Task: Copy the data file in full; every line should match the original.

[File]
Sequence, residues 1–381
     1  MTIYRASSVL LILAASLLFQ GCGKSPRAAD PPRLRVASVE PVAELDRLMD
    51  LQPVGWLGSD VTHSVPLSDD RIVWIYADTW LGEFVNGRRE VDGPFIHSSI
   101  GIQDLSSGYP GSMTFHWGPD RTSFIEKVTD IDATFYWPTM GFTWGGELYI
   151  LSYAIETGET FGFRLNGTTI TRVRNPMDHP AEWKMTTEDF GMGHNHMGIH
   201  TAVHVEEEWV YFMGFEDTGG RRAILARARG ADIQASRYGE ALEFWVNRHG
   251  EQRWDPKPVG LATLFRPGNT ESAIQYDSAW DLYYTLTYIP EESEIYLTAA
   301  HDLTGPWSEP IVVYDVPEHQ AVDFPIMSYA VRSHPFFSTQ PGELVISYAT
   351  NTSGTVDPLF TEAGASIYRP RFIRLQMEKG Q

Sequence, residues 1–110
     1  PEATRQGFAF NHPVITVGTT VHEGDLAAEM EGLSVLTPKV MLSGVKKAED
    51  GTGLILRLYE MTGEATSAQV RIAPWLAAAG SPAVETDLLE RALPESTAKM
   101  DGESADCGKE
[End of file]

Sequence, residues 1–381
     1  MTIYRASSVL LILAASLLFQ GCGKSPRAAD PPRLRVASVE PVAELDRLMD
    51  LQPVGWLGSD VTHSVPLSDD RIVWIYADTW LGEFVNGRRE VDGPFIHSSI
   101  GIQDLSSGYP GSMTFHWGPD RTSFIEKVTD IDATFYWPTM GFTWGGELYI
   151  LSYAIETGET FGFRLNGTTI TRVRNPMDHP AEWKMTTEDF GMGHNHMGIH
   201  TAVHVEEEWV YFMGFEDTGG RRAILARARG ADIQASRYGE ALEFWVNRHG
   251  EQRWDPKPVG LATLFRPGNT ESAIQYDSAW DLYYTLTYIP EESEIYLTAA
   301  HDLTGPWSEP IVVYDVPEHQ AVDFPIMSYA VRSHPFFSTQ PGELVISYAT
   351  NTSGTVDPLF TEAGASIYRP RFIRLQMEKG Q

Sequence, residues 1–110
     1  PEATRQGFAF NHPVITVGTT VHEGDLAAEM EGLSVLTPKV MLSGVKKAED
    51  GTGLILRLYE MTGEATSAQV RIAPWLAAAG SPAVETDLLE RALPESTAKM
   101  DGESADCGKE